Who are our spiritual mothers?

If priests are our spiritual fathers, who are our spiritual mothers?

Priests are not our only spiritual fathers. We have many spiritual fathers and mothers who are not priests. The greatest Saint (male or female) is Our Blessed Mother (and this is one of her more common titles, including the designation “Mother”).

I’ll take just one of her over all the priests who have ever lived.

I guess my mum, my God Mother, and Our Blessed Mary will have to do me for a while. Saves on Mother’s Day cards.

I’m going to say I’ve used the term in an informal way, mostly because I don’t have a better term for it. My experience is that a spiritual mother is a woman that one looks to for guidance, counsel, not like a mentor exactly because it’s more personal. It’s a spiritual friendship where one has more life experience, more wisdom and a serious prayer life and is generous with her time, is a good listener often leads by example, just like mothers do in families.

There was a woman I thought of as my spiritual mother because she helped me navigate through a spiritual growth spurt and being introduced to so many things in the Church I had not encountered before. She was also there when I went through a rather unfortunate experience and helped me make some tough choices and prayed with me.

My mom was alive at this time but we lived far apart and truthfully I was growing in my faith life faster and in a different way. I had so many more opportunities and while I could share them with my mom, we were in different places in our faith journey. It’s interesting because I know many people also considered my mom their spiritual mother.

A spiritual mother will be a woman of prayer and I think prayer is the main difference; it’s more than mentoring and it isn’t spiritual direction, although if one has a female spiritual director, she may be thought of one’s spiritual mother.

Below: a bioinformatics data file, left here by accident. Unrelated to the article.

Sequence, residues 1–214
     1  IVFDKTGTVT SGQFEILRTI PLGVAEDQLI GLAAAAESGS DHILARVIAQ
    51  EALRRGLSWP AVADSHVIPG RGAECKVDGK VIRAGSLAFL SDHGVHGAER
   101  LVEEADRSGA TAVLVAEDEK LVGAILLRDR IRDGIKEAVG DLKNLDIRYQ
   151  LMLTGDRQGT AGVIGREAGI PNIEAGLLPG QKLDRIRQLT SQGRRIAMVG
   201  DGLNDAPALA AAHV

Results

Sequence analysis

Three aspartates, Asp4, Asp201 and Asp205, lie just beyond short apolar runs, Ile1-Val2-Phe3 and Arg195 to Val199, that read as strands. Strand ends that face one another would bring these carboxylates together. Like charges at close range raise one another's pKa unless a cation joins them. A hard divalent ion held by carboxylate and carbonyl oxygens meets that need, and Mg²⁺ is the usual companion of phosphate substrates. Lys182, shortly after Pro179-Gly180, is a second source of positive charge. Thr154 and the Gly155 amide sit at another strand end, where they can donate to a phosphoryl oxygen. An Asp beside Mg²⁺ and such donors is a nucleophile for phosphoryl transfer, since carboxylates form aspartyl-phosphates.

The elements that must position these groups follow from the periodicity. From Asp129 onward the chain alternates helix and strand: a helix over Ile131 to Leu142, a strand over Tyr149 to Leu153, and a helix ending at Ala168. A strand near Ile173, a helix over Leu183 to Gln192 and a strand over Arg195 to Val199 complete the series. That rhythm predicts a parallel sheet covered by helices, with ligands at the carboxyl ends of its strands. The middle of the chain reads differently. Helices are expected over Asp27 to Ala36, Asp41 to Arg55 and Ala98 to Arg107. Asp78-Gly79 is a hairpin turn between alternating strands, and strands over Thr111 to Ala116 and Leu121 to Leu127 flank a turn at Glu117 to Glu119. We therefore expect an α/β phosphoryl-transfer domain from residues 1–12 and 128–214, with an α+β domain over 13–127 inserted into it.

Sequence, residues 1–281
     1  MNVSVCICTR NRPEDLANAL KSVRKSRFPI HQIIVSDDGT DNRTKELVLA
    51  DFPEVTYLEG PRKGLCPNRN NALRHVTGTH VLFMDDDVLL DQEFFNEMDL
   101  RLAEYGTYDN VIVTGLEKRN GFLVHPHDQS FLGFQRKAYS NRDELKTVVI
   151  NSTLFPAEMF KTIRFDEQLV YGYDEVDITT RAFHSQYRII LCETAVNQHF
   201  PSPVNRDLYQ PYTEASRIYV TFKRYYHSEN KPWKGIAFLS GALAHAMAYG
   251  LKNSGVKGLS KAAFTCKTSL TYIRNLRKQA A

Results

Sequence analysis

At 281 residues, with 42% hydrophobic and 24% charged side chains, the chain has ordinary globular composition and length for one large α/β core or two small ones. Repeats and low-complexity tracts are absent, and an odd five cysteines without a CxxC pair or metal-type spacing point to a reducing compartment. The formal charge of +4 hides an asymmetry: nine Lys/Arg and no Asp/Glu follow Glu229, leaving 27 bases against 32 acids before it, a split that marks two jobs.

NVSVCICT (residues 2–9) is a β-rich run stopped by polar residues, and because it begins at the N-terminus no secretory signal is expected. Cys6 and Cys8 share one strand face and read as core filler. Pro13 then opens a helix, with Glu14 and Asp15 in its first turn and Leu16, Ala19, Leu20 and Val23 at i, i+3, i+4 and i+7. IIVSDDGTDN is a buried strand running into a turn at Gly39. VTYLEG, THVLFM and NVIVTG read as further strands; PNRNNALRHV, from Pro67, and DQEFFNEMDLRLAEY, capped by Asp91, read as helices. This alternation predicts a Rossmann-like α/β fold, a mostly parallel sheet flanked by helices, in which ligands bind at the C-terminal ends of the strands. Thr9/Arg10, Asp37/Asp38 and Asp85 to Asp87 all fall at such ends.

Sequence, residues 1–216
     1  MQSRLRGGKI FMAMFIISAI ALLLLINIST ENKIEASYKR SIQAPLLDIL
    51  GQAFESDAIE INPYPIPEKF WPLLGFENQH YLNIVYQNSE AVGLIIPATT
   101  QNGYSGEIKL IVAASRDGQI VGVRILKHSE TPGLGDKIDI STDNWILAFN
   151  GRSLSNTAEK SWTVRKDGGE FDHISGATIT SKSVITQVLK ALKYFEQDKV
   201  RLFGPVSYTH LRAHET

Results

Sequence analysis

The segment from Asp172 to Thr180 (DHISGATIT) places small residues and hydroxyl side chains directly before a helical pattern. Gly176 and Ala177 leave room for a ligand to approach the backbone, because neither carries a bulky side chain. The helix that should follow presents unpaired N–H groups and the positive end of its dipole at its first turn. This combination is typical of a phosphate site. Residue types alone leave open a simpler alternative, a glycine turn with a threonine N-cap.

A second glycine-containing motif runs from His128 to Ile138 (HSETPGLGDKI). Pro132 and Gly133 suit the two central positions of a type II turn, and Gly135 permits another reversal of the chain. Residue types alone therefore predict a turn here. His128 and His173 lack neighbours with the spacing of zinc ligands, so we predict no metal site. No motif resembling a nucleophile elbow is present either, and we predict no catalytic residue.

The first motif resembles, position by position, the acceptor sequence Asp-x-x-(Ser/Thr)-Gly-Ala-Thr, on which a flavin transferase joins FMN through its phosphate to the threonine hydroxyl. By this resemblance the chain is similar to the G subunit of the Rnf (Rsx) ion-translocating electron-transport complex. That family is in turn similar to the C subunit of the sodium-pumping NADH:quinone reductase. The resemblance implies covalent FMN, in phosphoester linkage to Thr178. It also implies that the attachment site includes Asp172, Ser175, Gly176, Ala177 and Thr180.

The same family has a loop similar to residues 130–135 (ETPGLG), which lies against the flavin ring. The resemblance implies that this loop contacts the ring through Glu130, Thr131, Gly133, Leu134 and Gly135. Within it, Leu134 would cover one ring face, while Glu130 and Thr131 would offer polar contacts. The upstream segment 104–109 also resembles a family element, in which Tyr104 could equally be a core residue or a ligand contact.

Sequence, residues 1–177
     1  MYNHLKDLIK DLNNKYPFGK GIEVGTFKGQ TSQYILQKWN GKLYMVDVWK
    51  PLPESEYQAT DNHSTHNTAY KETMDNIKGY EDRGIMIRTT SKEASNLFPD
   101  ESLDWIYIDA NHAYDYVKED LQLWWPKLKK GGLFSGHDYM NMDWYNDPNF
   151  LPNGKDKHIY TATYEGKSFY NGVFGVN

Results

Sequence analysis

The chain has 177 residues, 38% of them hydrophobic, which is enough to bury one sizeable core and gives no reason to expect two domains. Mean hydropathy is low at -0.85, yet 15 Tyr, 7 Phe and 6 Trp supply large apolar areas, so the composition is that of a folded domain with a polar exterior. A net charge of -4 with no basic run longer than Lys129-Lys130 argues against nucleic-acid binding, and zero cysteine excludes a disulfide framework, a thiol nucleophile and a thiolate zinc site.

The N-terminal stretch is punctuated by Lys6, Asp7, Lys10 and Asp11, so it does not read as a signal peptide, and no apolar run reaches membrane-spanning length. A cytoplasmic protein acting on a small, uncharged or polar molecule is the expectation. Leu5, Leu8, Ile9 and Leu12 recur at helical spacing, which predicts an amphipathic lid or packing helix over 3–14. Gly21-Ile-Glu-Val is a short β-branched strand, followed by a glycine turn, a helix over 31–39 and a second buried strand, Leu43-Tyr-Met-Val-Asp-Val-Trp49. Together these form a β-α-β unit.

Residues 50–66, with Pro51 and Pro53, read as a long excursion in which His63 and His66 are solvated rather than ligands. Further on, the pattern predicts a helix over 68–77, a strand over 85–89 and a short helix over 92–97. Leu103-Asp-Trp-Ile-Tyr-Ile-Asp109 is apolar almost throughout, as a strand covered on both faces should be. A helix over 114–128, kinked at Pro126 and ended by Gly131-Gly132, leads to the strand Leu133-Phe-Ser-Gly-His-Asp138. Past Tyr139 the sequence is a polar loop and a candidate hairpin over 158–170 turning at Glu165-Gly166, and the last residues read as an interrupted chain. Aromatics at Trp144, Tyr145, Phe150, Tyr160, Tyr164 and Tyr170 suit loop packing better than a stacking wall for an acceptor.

The Church as a whole is often referred to as our Mother (“Holy Mother Church”)–and as St. Cyprian said, “He can no longer have God for his Father, who has not the Church for his mother.”

This also appears to be a favorite theme of our current Pope. Here’s a couple examples:



So, God created a position for spiritual fathers (priests) but not one for spiritual mothers. Does this mean that fatherhood is more important to God than motherhood? That would be a little confusing to me since we talk all the time about the importance of children having both a mother and a father.

It seems that, in the priesthood, God created a position that mirrors physical fatherhood but in a spiritual way. Why would God not make a position for women that mirrors that of physical motherhood? Why would God exclude women in this way?

In the Trinity there is also only a Father, not a Mother. I think fatherhood is used as a model for headship and unity. The Church has various representatives of the headship and fatherhood of God for the sake of this unity. Motherhood represents more the nurturing body in relation to the head–that’s why the whole Church is considered a mother, since the whole Church is involved in nurturing us (and one another) with charity and grace–Mary being the supreme image of this motherhood.